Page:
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Policy Timeline

 

The Long View

1968 – The Fulton Report (called for fundamental review following the growth of public bodies).

1979 – Pliatzky Report (cosmetic structural reforms, plus more guidance).

1986 – Ibbs Report (led to the creation of executive agencies).

2002 – Alexander Report (found total confusion between executive agencies and NDPBs).

2003 – Haskins Review (focused on rural delivery but led to rationalisation process and the creation of Natural England).

2004 – Warner Review (‘reconfiguring he Department of Health’s ALBs’).

2004 – Gershon Review (suggested the need for some public bodies to be amalgamated).

2009-10 – Smarter Government Programme (reduction of ALBs by over 120; pledge to save £500m).

2010 – Coalition Government Public Bodies Reform Programme (The Coalition Agreement sets out the intention to ‘reduce the number of quangos’, followed by a review of all public bodies and the development of an ambitious reform programme from this – with 200 abolitions, 120 mergers, 176 retain and reforms, and a plan for triennial reviews of all remaining bodies. The Public Bodies Act receives royal assent in December 2011, providing ministers with powers to reform or abolish statutory bodies).

 

In-Depth Policy Timeline

2009

08 September – In opposition, David Cameron commits a Conservative government to undertaking a review of all quangos. Introduces three tests:

  1. Does the public body undertake a precise technical operation?
  2. Is it necessary for impartial decisions to be made about the distribution of taxpayers’ money?
  3. Does it fulfil a need for facts to be transparently determined, independent of political interference?

→ Key reference: David Cameron: Cutting the Cost of Politics.

December – Smarter Government programme stated there was ‘scope for reform’ to ALBs and announces the abolition of 120.

→ Key reference: HM Government, Putting the Frontline First: Smarter Government.

 

2010

March – Labour government publishes plans for a fundamental review and new rules to prevent the proliferation of ALBs.

  • Proposes VFM assessments before any body created, sunset clauses in all legislation, tighter relationship with parent departments, and to ‘conduct a cross-Whitehall exercise to assess whether a one-off Bill to tidy up outdated legislation and enable obsolete bodies to be wound-up would be worthwhile’ (p.23).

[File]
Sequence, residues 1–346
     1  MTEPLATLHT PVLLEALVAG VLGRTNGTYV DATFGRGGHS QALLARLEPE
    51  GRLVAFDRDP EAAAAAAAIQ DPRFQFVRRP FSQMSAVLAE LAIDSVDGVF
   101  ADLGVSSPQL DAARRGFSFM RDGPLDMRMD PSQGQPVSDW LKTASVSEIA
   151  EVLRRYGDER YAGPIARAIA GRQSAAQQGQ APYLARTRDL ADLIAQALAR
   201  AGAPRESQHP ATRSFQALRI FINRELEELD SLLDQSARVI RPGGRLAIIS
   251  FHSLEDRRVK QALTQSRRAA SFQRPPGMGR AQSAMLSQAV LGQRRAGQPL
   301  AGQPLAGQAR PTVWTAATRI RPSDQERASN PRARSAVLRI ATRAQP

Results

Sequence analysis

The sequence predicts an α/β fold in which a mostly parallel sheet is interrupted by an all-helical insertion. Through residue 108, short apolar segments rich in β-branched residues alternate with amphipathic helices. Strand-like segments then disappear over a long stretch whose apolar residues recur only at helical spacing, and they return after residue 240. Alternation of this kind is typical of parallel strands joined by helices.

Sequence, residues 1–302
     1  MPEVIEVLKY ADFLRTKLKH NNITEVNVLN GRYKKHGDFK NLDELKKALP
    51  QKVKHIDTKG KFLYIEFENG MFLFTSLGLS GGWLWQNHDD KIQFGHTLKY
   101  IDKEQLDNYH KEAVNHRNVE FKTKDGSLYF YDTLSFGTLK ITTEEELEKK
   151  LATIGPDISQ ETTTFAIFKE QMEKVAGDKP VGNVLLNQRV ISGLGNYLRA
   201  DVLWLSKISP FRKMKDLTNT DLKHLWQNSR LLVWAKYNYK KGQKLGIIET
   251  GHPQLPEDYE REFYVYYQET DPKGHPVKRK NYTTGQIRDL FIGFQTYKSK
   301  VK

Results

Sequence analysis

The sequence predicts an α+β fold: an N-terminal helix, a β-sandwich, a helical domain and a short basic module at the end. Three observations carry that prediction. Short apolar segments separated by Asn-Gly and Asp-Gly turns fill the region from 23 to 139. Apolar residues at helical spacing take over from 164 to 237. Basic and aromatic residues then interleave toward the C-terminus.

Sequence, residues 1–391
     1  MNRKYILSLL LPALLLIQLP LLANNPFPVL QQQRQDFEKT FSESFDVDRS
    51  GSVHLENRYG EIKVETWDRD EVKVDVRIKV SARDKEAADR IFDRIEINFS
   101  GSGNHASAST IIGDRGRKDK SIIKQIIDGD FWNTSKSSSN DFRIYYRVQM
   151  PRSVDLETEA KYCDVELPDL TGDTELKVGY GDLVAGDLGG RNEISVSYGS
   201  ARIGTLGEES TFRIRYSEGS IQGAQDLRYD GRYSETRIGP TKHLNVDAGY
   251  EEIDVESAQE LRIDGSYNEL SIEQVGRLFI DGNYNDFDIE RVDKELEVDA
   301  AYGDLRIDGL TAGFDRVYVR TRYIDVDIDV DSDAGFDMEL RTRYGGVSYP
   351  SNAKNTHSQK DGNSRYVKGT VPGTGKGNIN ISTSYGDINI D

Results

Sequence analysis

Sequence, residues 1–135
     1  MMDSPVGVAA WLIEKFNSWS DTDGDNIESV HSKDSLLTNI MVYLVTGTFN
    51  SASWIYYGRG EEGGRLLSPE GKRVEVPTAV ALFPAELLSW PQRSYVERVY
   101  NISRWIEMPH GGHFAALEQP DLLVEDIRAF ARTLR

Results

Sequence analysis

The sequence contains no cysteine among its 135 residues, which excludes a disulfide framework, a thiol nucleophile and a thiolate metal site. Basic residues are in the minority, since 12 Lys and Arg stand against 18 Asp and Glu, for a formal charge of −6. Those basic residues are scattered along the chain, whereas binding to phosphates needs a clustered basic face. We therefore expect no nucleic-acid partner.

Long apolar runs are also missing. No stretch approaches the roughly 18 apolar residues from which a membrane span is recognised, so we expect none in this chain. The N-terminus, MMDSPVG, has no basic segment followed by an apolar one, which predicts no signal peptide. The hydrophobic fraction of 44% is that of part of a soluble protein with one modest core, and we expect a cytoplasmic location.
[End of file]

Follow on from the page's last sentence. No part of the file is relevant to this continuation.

• Savings of £500 million by 2012-13 projected, and six more bodies added to the abolition list.

→ Key reference: HM Treasury: Reforming Arm’s Length Bodies

13 April – Conservatives publish General Election manifesto with commitment to (inter alia) ‘cut the number of quangos’ and ‘examine the case for giving select committees the power to prevent increases in quangos budgets’. The Liberal Democrats did not make any broad commitments for quangos in their manifesto, but did highlight some specific bodies.

→ Key reference: Conservative Party, An Invitation to Join the Government of Britain

20 May – Coalition Agreement published. An explicit commitment to ‘reduce the number of quangos’ (p.16).

→ Key reference: HM Government: The Coalition: Our Programme for Government

25 May – Queen’s Speech highlights: ‘The cost of bureaucracy and the number of public bodies will be reduced’. The accompanying Cabinet Office documentation refers to plans to introduce a Public Bodies (Reform) Bill.

→ Key reference: HM Government, Queen’s Speech 2010

June – Cabinet Office publishes Structural Reform Plan. Plan includes a commitment to ‘reduce the number and cost of public bodies by abolishing or moving into government departments all public bodies except those that pass government tests’.

→ Key reference: Cabinet Office: Structural Reform Plan

10 June – Francis mayde announces a review of all public bodies to the House of Commons. Review based upon the three tests introduced by David Cameron in September 2009 (see above).

→ Key reference: HC Deb. 09 June c313.

July – Institute for Government (IfG) publish report on arm’s length government. Report warns against playing the quango numbers game, and recommends a more coherent and explicit classification system.

→ Key reference: Institute for Government: Read Before Burning: Arm’s Length Government for a New Administration

01 July – Cabinet office publishes details of all non-departmental public body (NDPB) employees earning more than £150,000. Announcement contextualised in transparency agenda and PB reform programme.

27 July – Public Administration Select Committee (PASC) questions Oliver Letwin and Francis Maude. Ministers agree to give PASC a role in approving new or re-organised ALBs (see Q69).

→ Key reference: HC 397, Work of the Cabinet Office